Check out our Credit Suite Credit Line Hybrid, where you can get up to $150,000 to help your business thrive.

Monitor Your Business Credit

Know what is happening with your credit. Make certain it is being reported and deal with any inaccuracies ASAP. Get in the habit of checking credit reports. Dig into the particulars, not just the scores.

We can help you monitor business credit at Experian, Equifax, and D&B for 90% less. Update the details if there are inaccuracies or the details is incomplete.

Disputing Mistakes

So, what’s all this monitoring for? It’s to dispute any mistakes in your records. Mistakes in your credit report(s) can be taken care of. But the CRAs normally want you to dispute in a particular way.

Disputing credit report errors typically means you specifically itemize any charges you contest.

Check out our Credit Suite Credit Line Hybrid, where you can get up to $150,000 to help your business thrive.

A Word About Business Credit

Always use credit responsibly! Don’t borrow beyond what you can pay off. Monitor balances and deadlines for repayments. Paying punctually and fully will do more to boost business credit scores than nearly anything else.

Building business credit pays off. Good business credit scores help a business get loans. Your creditor knows the corporation can pay its debts. They understand the small business is bona fide.

The small business’s EIN attaches to high scores, and lenders won’t feel the need to demand a personal guarantee.

Business credit is an asset which can help your company for many years to come.

Credibly Review: TakeawaysCredibly Review Credit Suite

Companies that do best on Credibly will be fairly new players but with relatively meteoric rises.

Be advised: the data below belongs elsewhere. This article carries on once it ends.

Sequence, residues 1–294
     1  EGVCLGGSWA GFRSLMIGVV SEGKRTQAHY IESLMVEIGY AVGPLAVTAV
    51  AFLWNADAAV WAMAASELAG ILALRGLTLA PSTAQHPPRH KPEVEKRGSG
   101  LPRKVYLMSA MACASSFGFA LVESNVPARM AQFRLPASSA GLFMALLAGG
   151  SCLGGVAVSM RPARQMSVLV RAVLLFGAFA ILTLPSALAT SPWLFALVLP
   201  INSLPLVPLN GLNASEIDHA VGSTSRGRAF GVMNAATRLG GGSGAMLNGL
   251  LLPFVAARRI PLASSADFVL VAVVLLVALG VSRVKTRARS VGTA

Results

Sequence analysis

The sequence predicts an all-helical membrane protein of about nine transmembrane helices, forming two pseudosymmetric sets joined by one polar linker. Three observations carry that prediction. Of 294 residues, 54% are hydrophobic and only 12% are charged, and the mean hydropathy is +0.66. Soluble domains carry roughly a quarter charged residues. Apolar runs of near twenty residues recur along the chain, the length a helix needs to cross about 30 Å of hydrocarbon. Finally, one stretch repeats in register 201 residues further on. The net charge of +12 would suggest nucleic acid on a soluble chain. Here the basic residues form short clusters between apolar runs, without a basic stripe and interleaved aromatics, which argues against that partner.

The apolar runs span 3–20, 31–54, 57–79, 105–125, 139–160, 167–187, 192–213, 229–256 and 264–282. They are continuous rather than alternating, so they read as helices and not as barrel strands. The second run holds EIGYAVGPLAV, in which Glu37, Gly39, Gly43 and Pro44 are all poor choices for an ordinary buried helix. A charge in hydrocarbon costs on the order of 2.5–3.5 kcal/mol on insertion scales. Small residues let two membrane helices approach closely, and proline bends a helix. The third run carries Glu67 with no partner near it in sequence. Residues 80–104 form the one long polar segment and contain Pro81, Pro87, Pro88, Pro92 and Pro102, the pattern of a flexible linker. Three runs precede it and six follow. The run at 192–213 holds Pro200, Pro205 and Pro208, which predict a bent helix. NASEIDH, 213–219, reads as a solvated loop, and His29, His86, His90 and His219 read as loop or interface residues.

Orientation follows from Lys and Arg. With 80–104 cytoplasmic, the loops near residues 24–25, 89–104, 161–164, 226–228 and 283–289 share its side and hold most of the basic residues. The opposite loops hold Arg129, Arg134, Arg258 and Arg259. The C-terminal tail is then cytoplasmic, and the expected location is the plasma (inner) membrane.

So a business owner asking for a loan should be prepared for a hard pull on his or her personal credit scores, which will impact those scores. However, this is just like all hard pulls do.

If an entrepreneur does not have the wherewithal to ride out a slightly lower personal credit score for a couple of years, then Credibly is not for them.

And finally, as with every other lending program, whether online or offline, remember to read the fine print and do the math. Go over the details with care. Decide if this option will be good for you and your company.

In addition, consider alternative financing options that go beyond just lending. These include building business credit and unsecured business financing. This is in order to best decide how to get the money you need to help your business grow.

Today, we want to hear from our audience! Share your voice with us about your experiences with online lenders and give us your own Credibly review.

About the author 

Janet Gershen-Siegel

Janet Gershen-Siegel is the seasoned Finance Writer and a former content manager at Credit Suite. She has been admitted to practice law for over 30 years, with a focus on litigation and product liability, and is a published author, with writing credits at Entrepreneur, and

She has a BA in Philosophy from Boston University, a JD from the Delaware Law School of Widener University, and a MS in Interactive Media (Social Media) from Quinnipiac University.

She regularly writes for Credit Suite, which helps businesses improve Fundability™, build credit, and get approved for loans and credit lines.

Her specialties: business credit, business credit cards, business funding, crowdfunding, and law